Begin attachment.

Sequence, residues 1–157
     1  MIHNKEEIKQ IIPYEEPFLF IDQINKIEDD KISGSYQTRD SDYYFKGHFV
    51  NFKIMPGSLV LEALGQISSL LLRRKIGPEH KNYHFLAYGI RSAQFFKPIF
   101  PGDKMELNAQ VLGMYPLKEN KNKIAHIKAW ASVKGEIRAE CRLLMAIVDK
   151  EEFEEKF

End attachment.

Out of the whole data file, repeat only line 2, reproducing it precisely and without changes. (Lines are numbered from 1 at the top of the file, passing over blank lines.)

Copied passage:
     1  MIHNKEEIKQ IIPYEEPFLF IDQINKIEDD KISGSYQTRD SDYYFKGHFV